beeld Lex Rietman

A great tool to keep the elderly from withering away behind the geraniums is the Imserso. This Institute for Elderly and Social Services organizes a program where the elderly can travel for a bargain price within their own country, including a hotel with a full board.

The idea was born from the idea that thousands of hotels would otherwise have to close outside the tourist season and that you can use the money the government saves on unemployment benefits to subsidize trips for people who can vacation out of season. Imserso's trips are wildly popular. Retirees take advantage of them en masse, alone, with their partners or in groups. New friendships and sometimes even relationships are the result.

In addition to the travel-loving elderly, Spain also has the activist elderly. They are united in the Yayoflautas, a group of pensioners who felt akin to the movement of the "indignados" (the indignant) from 2011. Initially, they took to the streets for a dignified pension but soon expanded their scope of action to include stopping evictions and other social struggles.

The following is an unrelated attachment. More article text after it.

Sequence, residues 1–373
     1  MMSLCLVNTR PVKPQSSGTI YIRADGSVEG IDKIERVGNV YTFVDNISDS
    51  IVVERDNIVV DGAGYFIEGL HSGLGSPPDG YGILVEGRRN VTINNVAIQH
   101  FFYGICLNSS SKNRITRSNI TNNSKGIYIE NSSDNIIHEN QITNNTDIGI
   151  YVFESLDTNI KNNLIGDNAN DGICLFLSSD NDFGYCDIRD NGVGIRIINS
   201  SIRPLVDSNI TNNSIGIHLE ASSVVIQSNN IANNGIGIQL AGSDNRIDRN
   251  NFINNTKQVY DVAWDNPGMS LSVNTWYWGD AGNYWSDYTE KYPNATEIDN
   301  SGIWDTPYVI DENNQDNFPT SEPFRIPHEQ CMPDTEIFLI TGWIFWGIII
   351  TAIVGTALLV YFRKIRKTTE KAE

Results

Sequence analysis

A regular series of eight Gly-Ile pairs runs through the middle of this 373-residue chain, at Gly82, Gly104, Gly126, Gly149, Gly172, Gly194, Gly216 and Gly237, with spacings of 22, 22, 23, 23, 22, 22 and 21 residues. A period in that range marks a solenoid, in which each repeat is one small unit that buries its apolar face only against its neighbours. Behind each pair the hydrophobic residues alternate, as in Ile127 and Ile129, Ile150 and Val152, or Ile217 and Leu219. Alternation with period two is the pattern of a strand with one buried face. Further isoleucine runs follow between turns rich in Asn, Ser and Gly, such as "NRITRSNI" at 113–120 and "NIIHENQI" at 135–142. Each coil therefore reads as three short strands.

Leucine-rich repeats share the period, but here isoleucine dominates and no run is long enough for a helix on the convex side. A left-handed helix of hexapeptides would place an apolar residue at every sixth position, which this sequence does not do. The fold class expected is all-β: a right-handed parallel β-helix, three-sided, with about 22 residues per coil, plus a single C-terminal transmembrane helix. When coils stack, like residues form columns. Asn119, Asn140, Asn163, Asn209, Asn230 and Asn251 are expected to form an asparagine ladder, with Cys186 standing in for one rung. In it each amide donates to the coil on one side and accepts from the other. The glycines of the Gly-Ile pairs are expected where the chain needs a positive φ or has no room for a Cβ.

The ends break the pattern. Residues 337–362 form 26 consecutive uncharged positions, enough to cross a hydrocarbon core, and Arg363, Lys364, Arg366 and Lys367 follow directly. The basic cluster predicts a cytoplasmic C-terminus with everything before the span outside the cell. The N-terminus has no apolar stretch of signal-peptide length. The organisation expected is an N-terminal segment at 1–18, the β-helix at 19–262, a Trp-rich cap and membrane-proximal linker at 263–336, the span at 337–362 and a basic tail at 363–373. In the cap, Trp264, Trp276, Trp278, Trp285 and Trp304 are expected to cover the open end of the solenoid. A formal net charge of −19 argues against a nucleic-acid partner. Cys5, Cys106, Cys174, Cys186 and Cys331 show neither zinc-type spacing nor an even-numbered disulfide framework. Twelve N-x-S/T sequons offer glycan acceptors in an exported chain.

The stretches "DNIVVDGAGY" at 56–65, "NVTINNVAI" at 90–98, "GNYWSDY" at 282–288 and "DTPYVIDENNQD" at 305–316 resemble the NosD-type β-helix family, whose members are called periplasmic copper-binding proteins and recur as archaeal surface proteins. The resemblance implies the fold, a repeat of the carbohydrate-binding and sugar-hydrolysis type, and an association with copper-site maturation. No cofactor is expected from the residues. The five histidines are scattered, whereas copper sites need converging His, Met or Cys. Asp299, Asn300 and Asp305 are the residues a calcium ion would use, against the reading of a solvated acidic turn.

Signature campaign

And then we have Carlos San Juan. Earlier this year, this 78-year-old Valencian made all the TV news and front pages with his "I'm old, not stupid" campaign. With this, he protested against the denigrating treatment that older people have to endure in many Spanish bank branches because they cannot keep up with the digitization of banking services. The impatient and sometimes downright irritated behaviour of bank employees towards the inability of older customers to handle ATMs was recognized by many Spaniards.

On the site, San Juan wrote that he had sometimes felt humiliated when he had to ask for help from a bank employee. The latter then treated him as if he were an idiot for not being able to use the machine. San Juan's action for a "more humane treatment" of the elderly by the banks met with great sympathy in Spanish society.

He collected 600,000 signatures. Economy Minister Nadia Calviño rushed to announce steps against the "digital exclusion" of the elderly. Another world is possible, even if you are almost eighty.

This article was translated by and previously published in Dutch daily Reformatorisch Dagblad on July 6th, 2022.